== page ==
S.S. Sandhawalia, C.J.
1. Can one of the co-landlords alone maintain an application for ejectment against his tenant under S. 13 of the East Punjab Rent Restriction Act, 1949, is the significant question which has been re-agitated in this reference to the Division Bench.
2. Mathura Dass petitioner who admittedly was one of the co-owners of the demised premises had preferred an ejectment application under S. 13 of the East Punjab Rent Restriction Act (hereinafter called the Act) before the Rent Controller at Fazilka. The primary ground on which it was sought to be pressed was the non-payment of rent by the tenant and that the premises were required for the personal occupation of the landlord. The ejectment application was resisted on behalf of the respondent-tenant and on the pleadings of the parties the following issues were framed :--
1. Whether the respondent is liable to ejectment on the grounds taken in the application?
2. Whether the application is bad on account of non-joinder of necessary parties?
On issue No. 1 the Rent Controller came to the finding that the tenant was in arrears of rent but held that the petitioner had failed to establish that he needed the demised premises for his bona fide use and occupation. Issue No. 2 was decided in favour of the petitioner with the observations that it was well-settled that one of the landlords of the demised premises can by himself make on application for ejectment without making the others landlords a party thereto. In view of the finding on the two issues, the ejectment application was allowed with costs.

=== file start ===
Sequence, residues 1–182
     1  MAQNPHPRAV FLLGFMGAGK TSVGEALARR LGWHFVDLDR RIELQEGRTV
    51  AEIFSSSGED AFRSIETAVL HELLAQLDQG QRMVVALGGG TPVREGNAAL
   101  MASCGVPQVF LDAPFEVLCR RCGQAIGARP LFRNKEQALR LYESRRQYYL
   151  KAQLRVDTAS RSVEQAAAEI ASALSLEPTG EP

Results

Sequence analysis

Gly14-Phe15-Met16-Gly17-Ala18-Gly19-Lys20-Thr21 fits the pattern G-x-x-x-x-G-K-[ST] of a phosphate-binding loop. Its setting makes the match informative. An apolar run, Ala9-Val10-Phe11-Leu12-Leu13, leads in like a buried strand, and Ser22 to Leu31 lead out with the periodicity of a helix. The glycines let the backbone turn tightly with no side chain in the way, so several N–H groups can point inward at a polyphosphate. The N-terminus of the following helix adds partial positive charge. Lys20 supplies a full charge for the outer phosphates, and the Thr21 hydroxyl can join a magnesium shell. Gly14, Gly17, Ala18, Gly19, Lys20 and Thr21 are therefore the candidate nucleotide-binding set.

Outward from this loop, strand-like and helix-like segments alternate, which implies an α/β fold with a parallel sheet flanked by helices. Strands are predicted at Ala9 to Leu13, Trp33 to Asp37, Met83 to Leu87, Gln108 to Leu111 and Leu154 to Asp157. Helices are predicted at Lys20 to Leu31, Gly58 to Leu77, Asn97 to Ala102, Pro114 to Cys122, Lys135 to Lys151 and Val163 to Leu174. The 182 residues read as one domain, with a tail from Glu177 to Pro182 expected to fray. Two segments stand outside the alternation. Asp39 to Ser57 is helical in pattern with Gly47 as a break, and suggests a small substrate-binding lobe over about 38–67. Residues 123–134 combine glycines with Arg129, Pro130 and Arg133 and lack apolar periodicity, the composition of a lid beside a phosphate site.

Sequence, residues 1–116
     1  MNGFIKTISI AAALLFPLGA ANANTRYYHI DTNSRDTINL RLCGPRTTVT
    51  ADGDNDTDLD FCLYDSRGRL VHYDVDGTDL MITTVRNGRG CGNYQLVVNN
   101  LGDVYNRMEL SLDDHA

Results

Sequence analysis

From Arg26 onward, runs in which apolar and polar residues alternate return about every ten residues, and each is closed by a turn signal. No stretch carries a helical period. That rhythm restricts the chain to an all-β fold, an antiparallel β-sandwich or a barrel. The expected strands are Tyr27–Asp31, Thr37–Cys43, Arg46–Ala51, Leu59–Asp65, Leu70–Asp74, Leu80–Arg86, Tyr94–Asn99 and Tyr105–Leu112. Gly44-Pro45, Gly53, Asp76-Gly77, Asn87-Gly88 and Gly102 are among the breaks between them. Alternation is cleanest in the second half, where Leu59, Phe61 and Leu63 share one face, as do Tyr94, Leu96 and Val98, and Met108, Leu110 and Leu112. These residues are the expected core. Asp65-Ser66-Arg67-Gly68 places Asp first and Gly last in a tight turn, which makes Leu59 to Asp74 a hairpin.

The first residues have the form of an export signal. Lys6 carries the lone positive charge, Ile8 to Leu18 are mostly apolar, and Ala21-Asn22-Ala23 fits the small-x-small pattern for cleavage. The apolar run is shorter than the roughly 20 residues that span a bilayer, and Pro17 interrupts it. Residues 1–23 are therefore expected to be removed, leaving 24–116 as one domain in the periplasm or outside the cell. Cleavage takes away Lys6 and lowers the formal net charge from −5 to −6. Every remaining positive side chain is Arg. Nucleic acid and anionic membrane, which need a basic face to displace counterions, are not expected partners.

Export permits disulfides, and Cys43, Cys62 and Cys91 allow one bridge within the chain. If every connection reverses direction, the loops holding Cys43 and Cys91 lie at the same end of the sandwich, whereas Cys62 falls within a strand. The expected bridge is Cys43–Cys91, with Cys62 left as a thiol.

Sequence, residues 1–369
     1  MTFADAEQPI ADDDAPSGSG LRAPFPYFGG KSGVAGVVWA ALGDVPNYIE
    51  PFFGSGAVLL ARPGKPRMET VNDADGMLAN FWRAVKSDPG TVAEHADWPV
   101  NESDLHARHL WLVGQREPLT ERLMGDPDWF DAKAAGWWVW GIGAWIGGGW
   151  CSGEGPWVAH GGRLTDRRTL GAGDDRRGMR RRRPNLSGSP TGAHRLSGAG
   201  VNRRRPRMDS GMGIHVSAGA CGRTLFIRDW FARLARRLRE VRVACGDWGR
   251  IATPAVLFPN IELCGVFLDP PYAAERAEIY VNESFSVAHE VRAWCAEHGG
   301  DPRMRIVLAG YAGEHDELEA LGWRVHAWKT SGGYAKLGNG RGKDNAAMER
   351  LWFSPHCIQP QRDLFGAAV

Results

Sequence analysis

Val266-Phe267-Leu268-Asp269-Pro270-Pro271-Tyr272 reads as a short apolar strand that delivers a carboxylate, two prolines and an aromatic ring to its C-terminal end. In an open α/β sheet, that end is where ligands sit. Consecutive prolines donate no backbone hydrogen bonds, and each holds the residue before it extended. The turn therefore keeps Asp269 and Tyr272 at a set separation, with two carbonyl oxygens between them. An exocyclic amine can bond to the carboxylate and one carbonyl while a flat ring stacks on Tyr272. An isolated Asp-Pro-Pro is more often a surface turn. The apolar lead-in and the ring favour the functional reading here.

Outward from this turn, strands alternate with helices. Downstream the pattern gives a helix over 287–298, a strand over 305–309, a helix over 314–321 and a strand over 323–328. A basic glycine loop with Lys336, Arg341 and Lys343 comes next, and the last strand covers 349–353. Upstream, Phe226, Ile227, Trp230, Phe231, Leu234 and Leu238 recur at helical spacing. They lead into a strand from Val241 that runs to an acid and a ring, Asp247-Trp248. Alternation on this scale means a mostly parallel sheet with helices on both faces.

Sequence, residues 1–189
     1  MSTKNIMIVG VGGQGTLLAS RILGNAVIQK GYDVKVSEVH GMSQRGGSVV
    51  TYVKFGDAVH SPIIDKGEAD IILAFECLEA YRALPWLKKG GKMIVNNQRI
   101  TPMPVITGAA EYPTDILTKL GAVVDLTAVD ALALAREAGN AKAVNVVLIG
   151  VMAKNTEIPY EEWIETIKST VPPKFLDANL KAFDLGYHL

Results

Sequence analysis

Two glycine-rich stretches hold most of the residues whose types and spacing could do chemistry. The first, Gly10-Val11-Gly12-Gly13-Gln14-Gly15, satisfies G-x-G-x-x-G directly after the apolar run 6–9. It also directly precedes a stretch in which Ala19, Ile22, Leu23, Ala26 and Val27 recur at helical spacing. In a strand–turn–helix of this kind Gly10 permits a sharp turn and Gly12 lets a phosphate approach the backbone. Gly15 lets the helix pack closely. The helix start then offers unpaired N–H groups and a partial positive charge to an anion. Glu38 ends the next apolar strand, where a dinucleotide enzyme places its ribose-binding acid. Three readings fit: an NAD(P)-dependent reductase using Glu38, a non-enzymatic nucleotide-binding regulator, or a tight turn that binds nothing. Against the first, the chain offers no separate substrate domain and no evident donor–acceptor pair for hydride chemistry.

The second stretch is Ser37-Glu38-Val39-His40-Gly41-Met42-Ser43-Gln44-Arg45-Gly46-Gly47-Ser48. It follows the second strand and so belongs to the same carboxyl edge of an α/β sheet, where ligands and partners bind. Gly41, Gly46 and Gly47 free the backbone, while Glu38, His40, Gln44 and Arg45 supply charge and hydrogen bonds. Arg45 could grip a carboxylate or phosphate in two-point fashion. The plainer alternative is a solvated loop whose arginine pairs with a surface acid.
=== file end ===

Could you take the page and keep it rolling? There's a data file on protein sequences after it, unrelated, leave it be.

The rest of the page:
3. On appeal the finding on issue No. 1 was virtually not challenged and only that on issue No. 2 was assailed. The learned Appellate Authority relying primarily on the recent judgment in Bir Bhan v. Kuldip Parkash, (1979) 1 Rent LR 312, held that only one of the co-owners could not maintain an ejectment application without impleading the other co-owners as well and consequently reversed the findings on issue No. 2 and dismissed the ejectment application.
4. The present revision first came up before my learned brother Dhillon J. sitting singly. Noticing some conflict of precedent on the question whether one of the many co-landlords alone could maintain the ejectment application he referred the matter for decision by a larger Bench.
5. As would appear hereinafter there is no paucity of precedent both direct and by way of analogy on the point. Nevertheless it is refreshing to examine the matter on principle and on the particular language of the statute because this aspect does not seem to have been adequately considered in some of the judgment relied upon by the parties.
6. What first meets the eye herein is the definition of the word 'landlord' under Section 2(c) of the Act which is in the following terms:--
'2. In this Act, unless there is anything repugnant in the subject or context.-
(a) and (b)............................................
(c) ' landlord' means any person for the time being entitled to receive rent in respect of any building or rented land, whether on his own account or on behalf of for the benefit of any other person, or as a trustee, guardian, receiver, executor or administrator for any other person, and includes tenant who sublets any building or rented land in the manner hereinafter authorised, and, every person from time to time deriving title under a landlord :
(d) to (g).................................................'